Thank You for Your Goodwill

Release date: November 24, 2021
Duration: 52min
Guest(s): Tim O’Neal and Will Fischbach
Tim O’Neal and Will Fischbach
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Tim O’Neal and Will Fischbach join Robert Kiyosaki on today’s episode. Will is a litigation partner at the firm of Tiffany and Bosco, and also serves as the Chairman of the Board of Goodwill of Central and Northern Arizona.

Will says he knew that Robert would appreciate the tour he gave and the in-depth look at Goodwill because of the innovation and entrepreneurship it (Goodwill) promotes. The ROC (Retail Operations Center) is Goodwill’s clearance center. Resellers, he says, will buy things in bulk, or by the pound, and resell them online. This is where the Goodwill e-commerce platform is, as well. This is where Goodwill sells jewelry and unique collectible items.

Will started his legal career in the Army as a judge advocate (JAG), served with the 82nd Airborne and the 100th Airborne, and served in Iraq, Pakistan, and Afghanistan. “You get to see the best and the worst of humanity, and really appreciate the opportunities we have here at home.” He was done serving by 2009 and joined Tiffany & Bosco, followed by serving on the Goodwill board of directors beginning in 2013. “Most people have shopped at Goodwill and donated to a Goodwill, but not everybody gets to fully appreciate what happens with the revenue that’s generated from the thrift retail.”

Will explains that the money generated through this thrift retail goes into social services and social innovation. The mission at Goodwill, he says, “is to end poverty through the power of work.” That means helping people build a resume to achieve basic skills, learn interview skills, and connect with employers.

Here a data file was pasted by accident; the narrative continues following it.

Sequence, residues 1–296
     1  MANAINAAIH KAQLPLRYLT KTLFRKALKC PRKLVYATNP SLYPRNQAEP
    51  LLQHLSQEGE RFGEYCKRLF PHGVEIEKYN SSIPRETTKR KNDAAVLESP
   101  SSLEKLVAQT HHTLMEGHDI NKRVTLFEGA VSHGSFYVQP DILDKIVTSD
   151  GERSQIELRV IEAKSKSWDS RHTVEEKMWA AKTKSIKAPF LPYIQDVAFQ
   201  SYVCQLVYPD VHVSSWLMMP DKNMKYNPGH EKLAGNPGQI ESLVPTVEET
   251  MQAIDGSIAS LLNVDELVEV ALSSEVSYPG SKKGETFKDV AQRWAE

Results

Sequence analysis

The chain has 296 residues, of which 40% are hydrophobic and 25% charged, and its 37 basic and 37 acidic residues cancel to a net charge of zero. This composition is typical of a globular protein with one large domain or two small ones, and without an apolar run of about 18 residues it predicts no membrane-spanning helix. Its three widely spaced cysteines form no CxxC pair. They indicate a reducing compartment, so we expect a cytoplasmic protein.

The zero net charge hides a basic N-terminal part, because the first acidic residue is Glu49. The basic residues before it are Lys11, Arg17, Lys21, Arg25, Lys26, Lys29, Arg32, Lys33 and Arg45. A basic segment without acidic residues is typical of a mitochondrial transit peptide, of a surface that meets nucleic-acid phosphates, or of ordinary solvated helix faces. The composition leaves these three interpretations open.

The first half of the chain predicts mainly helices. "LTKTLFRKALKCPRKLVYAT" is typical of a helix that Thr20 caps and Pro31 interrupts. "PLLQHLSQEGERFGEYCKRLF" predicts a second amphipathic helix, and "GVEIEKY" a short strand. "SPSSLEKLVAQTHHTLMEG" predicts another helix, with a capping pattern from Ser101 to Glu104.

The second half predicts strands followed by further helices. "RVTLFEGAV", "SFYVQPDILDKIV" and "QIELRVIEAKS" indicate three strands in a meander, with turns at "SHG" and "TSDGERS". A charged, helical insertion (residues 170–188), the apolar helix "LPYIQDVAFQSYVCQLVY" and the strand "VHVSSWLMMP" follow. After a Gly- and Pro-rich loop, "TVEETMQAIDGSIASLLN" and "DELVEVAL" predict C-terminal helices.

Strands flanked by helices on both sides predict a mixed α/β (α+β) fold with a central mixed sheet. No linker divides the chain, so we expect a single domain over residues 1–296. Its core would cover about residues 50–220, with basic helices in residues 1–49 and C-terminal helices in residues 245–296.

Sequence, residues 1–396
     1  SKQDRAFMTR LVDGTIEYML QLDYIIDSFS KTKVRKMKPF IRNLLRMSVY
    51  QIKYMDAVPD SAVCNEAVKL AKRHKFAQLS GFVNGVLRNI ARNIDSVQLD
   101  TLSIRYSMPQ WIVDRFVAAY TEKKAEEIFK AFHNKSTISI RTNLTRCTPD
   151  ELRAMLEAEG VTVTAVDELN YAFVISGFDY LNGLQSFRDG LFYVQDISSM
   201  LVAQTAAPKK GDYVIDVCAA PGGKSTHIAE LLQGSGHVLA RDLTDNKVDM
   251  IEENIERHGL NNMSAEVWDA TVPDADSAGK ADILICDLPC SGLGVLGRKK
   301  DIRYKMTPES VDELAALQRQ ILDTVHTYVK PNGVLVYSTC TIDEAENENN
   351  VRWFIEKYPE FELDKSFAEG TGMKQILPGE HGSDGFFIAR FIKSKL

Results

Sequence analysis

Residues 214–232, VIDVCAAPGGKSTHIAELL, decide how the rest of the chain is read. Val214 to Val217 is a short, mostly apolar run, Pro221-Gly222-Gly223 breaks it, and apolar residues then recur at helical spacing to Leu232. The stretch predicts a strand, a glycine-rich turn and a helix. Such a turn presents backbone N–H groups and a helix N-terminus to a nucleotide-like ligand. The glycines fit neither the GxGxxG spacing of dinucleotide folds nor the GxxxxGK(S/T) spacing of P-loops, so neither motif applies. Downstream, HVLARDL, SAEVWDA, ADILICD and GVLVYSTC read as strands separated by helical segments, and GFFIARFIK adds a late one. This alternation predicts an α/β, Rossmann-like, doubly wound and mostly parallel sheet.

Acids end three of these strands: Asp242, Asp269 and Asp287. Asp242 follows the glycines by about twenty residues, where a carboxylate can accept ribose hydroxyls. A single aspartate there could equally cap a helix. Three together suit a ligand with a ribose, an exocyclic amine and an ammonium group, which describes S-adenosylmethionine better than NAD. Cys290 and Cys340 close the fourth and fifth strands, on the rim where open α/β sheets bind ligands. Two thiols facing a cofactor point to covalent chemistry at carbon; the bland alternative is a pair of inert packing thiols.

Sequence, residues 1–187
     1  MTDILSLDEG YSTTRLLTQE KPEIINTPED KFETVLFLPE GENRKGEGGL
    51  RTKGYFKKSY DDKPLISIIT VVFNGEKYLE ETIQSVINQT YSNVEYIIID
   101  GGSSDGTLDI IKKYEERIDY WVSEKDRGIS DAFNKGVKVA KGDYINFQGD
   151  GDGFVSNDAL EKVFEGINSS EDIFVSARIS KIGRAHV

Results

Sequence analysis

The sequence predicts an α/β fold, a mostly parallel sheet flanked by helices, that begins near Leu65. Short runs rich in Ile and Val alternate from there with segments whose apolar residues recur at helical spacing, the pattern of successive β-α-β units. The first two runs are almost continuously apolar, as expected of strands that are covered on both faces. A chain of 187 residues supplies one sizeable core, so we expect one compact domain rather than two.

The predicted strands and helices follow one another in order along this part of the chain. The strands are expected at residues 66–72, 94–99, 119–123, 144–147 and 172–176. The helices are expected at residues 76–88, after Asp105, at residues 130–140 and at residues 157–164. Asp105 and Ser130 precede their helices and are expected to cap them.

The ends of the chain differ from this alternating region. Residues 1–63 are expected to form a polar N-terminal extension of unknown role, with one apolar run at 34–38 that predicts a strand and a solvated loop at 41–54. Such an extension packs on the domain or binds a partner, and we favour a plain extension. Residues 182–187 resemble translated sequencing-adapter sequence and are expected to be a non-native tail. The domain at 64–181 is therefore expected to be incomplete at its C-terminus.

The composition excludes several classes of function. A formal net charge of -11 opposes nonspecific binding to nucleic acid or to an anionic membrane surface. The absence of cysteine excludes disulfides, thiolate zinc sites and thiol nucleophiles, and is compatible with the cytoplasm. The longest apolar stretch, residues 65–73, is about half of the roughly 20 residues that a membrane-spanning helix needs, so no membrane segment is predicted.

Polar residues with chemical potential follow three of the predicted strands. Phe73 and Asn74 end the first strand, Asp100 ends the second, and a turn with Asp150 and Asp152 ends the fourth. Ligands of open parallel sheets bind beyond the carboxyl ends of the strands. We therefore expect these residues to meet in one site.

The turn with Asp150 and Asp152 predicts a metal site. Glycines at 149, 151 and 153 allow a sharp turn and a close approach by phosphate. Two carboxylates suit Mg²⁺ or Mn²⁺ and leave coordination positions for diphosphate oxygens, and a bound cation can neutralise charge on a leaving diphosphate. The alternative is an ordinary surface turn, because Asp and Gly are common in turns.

“The way we look at it is we’re not offering people a handout, we’re offering them a handup.”---Will Fischbach

Tim O’Neal has been with Goodwill for nearly twenty-three years. He is currently the President and CEO of Goodwill. “Goodwill is truly the love of my life,” he says. “We have the most amazing people in the world that work in this organization.”

What motivates Tim, he says, are the things they are coming up with for the future, and what they offer in the community. “We provide over 200,000 free services to the community every year that helps around 100,000 people go out and find jobs, outside of Goodwill.”

“I think everybody knows our stores. Everybody knows they can clean out their closets and donate to us, but a lot of people don’t realize where those donations go or what they do.”--Tim O’Neal

The economic impact is over $2 billion. When you’re cleaning out your closets and donating to Goodwill, you really are helping your neighbors, your state. The vision of the organization is to end poverty and to do that through self-sufficiency.

One idea that Goodwill is working on is something called Adult High School. In most states, once you turn 22, you are unable to attend high school. Goodwill is working with state legislators to remove that restriction, and open Excel Centers; an adult high school that will give these folks a chance at a diploma. The idea is to overcome two of the biggest barriers that adults who would benefit from this program have by offering childcare and transportation. The program helps these young adults come out earning a better wage, with certified skills and a job waiting for them.

From the business standpoint, Tim says, having a qualified workforce and an educated workforce allows businesses to move to Arizona. The education system in Arizona, he admits, lacks and is an obstacle for new businesses opening in Arizona. “We had an economic impact study done on this school (Excel Centers) and it shows any investment from the State is paid back within the first two years.”

It becomes a cash positive to the state of Arizona, and a cash positive to the individuals. Tim says they are also getting into some ideas for housing, affordable and traditional, workforce housing, and more.

The ROC center, Will says, is a 300,000 square foot facility that houses the clearance center. That is where they sell donated goods by the pound, usually to resellers. These resellers look through all of these items and take things that they believe they can resell, usually online, for a profit. Will says they can make a pretty good living that way.

Tim shares that Goodwill of Arizona has approximately 5,000 employees. Next year, they’ll have 11 new stores opening in areas they never had stores before. Every time they do that, he says they add 35-50 jobs per location.

Will and Tim both ask that you consider donating to Goodwill, as it helps support your neighbors to get back on their feet.

For a tour of the Arizona Goodwill ROC facility, visit and submit your request as a question.